• Describe how it monitors, evaluates and updates the language access plan, and
• Describe how it trains employees to provide timely and reasonable language
The program needs to be based on the results of the analysis of how the four
factors apply to the grantee’s programs and activities. FTA will determine, at
the time the grantee submits its Title VI program or subsequent to a complaint
investigation or compliance review, whether a grantee’s plan is sufficient to
ensure meaningful access and thus ensure that the grantee is not engaging in
discrimination on the basis of national origin.
Title VI
Public Outreach
Subrecipients should seek out and consider
the viewpoints of minority, low-income,
and LEP populations in the course of
conducting public outreach and
involvement activities. An agency’s public
participation strategy shall offer early and
continuous opportunities for the public to
be involved in the identification of social,
economic, and environmental impacts of
proposed transportation decisions.
Title VI
Some effective practices to promote inclusive public involvement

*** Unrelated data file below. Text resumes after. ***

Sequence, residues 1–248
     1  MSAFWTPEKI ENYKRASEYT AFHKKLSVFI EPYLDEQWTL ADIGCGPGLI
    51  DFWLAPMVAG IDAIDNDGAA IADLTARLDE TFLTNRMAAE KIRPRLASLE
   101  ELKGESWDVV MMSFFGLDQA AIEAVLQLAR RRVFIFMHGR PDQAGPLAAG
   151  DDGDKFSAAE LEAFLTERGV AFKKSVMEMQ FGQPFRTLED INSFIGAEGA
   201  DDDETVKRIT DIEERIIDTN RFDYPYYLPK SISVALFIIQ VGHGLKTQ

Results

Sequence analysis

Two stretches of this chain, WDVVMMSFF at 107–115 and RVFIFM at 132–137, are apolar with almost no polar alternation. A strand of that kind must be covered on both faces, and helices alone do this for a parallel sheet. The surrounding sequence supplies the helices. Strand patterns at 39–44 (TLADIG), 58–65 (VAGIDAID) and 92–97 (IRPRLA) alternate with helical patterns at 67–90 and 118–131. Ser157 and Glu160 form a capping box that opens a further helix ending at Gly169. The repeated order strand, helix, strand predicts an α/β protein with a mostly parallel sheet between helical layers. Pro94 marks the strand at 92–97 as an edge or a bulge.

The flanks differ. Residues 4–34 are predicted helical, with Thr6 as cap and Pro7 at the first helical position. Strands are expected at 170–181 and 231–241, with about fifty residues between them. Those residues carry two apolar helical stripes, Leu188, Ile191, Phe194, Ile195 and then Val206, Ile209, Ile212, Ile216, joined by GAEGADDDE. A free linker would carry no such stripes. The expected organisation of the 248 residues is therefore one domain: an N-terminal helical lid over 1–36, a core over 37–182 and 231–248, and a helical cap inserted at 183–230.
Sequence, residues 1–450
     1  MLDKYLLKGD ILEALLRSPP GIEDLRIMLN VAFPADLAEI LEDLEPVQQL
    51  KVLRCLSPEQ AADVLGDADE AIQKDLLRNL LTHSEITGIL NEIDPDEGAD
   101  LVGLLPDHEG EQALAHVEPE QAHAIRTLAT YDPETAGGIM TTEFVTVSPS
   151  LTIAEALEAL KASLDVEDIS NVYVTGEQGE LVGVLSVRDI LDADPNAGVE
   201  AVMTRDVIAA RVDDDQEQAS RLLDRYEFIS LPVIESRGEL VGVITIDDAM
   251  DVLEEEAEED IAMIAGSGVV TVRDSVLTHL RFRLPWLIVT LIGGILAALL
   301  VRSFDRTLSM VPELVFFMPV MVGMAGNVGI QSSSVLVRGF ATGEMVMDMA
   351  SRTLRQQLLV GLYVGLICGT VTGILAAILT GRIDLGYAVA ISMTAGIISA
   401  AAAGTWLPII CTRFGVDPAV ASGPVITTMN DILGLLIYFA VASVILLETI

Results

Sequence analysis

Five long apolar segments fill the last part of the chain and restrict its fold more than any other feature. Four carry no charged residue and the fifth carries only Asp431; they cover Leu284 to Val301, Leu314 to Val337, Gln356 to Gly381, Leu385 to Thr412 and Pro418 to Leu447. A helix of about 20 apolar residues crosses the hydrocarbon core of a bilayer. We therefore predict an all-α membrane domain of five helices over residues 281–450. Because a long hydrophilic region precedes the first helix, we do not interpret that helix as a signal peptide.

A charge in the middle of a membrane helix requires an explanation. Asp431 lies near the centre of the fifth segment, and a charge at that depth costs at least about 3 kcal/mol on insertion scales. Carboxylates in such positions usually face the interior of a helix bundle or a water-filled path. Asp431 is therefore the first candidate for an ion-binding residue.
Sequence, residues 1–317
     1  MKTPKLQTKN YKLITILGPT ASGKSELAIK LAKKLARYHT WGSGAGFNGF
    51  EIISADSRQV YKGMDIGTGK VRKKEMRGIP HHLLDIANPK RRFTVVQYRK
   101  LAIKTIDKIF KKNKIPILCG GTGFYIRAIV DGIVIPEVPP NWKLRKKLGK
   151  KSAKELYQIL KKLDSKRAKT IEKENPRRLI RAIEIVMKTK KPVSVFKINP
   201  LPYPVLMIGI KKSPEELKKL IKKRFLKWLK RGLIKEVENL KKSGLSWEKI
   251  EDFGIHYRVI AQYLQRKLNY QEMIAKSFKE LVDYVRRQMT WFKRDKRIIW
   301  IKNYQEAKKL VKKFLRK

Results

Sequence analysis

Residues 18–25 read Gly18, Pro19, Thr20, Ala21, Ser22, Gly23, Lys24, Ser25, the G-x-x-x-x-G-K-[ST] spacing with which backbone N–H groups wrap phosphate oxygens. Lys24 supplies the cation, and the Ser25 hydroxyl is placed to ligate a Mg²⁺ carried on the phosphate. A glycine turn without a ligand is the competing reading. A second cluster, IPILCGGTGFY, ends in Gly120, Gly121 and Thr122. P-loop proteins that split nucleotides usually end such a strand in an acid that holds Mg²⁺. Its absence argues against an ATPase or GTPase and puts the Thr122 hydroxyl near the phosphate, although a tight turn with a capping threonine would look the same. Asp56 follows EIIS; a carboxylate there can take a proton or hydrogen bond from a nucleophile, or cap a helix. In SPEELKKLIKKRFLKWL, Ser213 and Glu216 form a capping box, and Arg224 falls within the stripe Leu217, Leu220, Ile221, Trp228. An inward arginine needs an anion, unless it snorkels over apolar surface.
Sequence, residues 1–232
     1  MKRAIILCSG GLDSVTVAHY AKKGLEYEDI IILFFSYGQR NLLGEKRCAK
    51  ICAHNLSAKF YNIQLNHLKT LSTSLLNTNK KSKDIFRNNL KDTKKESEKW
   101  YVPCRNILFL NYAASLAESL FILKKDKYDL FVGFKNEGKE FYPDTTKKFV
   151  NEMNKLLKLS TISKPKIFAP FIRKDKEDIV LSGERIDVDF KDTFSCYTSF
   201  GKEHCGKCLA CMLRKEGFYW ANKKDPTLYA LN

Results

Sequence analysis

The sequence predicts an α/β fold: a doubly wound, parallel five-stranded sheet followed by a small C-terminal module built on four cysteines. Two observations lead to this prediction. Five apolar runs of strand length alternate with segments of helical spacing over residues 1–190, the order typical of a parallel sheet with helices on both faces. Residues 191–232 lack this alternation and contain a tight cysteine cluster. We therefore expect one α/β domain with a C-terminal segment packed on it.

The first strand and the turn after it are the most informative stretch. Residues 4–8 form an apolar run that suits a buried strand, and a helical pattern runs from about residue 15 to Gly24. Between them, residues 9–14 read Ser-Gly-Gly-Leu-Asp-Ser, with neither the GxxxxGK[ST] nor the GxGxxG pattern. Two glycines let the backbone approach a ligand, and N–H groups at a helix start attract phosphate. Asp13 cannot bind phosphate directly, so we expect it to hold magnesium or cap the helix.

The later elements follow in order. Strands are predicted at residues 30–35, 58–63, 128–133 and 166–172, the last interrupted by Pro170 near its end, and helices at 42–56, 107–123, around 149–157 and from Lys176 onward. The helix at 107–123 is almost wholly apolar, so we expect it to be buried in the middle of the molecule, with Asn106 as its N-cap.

• Scheduling meetings at times and locations that are convenient
and accessible for minority and LEP communities.
• Employing different meeting sizes and formats.
• Coordinating with community- and faith-based organizations,
educational institutions, and other organizations to implement
public engagement strategies that reach out specifically to
members of affected minority and/or LEP communities.
• Considering radio, television, or newspaper ads on stations and in
publications that serve LEP populations. Outreach to LEP
populations could also include audio programming available on
• Providing opportunities for public participation through means
other than written communication, such as personal interviews or
use of audio or video recording devices to capture oral comments.
Title VI
Location of facilities requirements
FTA C 4702.1B describes the requirements for complying with the
regulations in 49 CFR Section 21.9(b)(3), which states, “In